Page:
Invasive Species Compendium

Detailed coverage of invasive species threatening livelihoods and the environment worldwide

Abstract

(E)-nerolidol is a volatile signal that induces defenses against insects and pathogens in tea plants.

Abstract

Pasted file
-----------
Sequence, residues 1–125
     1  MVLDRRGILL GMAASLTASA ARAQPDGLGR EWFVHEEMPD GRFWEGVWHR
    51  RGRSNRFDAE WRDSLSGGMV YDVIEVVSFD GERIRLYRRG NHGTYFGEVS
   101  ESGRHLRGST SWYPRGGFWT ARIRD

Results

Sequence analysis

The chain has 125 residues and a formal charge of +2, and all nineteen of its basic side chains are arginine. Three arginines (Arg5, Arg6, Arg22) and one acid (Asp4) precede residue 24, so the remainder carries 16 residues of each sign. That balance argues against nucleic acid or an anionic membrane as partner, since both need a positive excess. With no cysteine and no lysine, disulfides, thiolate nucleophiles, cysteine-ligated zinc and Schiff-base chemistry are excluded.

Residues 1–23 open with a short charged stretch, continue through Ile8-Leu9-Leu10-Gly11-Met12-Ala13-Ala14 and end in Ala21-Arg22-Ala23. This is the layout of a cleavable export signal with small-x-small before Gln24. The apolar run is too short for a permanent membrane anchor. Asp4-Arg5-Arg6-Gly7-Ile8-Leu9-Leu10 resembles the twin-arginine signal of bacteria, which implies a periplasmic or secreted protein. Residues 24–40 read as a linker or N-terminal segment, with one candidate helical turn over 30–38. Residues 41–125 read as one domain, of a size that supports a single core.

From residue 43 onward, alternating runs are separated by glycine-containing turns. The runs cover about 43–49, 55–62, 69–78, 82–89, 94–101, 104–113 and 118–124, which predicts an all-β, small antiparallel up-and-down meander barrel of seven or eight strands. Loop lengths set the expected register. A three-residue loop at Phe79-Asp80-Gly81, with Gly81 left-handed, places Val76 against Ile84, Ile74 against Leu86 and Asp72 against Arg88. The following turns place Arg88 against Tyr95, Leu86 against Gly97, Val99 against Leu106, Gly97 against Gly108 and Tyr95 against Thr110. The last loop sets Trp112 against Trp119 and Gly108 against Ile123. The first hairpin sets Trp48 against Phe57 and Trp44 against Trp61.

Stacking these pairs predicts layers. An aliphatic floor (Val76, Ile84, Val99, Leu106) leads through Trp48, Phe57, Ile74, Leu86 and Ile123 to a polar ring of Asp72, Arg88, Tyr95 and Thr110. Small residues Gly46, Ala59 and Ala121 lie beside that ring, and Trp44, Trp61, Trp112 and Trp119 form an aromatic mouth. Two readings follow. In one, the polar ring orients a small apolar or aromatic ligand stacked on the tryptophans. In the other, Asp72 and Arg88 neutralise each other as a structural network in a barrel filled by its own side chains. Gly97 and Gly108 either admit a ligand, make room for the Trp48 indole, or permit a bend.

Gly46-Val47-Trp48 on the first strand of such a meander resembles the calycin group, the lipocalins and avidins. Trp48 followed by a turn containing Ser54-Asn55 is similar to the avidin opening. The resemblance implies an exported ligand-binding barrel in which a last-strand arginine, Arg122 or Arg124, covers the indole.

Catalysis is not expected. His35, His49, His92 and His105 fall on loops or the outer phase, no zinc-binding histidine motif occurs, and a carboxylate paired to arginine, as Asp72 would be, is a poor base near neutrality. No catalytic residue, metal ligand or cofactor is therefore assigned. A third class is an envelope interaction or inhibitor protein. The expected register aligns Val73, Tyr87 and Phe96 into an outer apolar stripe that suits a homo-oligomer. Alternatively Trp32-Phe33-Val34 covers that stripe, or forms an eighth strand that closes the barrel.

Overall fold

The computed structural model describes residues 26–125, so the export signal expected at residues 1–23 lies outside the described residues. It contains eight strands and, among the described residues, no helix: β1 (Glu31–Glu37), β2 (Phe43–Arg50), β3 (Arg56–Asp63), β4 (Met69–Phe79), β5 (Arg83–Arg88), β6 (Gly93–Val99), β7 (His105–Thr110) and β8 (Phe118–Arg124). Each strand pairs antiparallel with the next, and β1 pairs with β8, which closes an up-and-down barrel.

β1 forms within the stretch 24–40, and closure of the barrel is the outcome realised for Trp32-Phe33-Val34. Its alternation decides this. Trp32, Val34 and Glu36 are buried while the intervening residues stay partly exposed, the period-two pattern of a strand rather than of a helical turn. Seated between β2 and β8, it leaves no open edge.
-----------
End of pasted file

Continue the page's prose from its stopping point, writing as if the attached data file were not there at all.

Plants release large amounts of volatile organic compounds (VOCs) in response to attackers. Several VOCs can serve as volatile signals to elicit defense responses in undamaged tissues and neighboring plants, but many questions about the ecological functions of VOCs remain unanswered. Tea plants are impacted by two harmful invaders, the piercing herbivore Empoasca (Matsumurasca) onukii Matsuda and the pathogen Colletotrichum fructicola. To determine the VOC signals in tea, we confirmed CsOPR3 as a marker gene and set up a rapid screening method based on a 1.51 kb CsOPR3 promoter fused with a β-glucuronidase (GUS) reporter construct (OPR3p::GUS) in Arabidopsis. Using this screening system, a terpenoid volatile (E)-nerolidol was identified as a potent signal that elicits plant defenses. The early responses triggered by (E)-nerolidol included the activation of a mitogen-activated protein kinase and WRKY, an H2O2 burst, and the induction of jasmonic acid and abscisic acid signaling. The induced plants accumulated high levels of defense-related chemicals, which possessed broad-spectrum anti-herbivore or anti-pathogen properties, and ultimately triggered resistance against Empoasca onukii and Colletotrichum fructicola in tea. We propose that these findings can supply an environmentally friendly management strategy for controlling an insect pest and a disease of tea plants.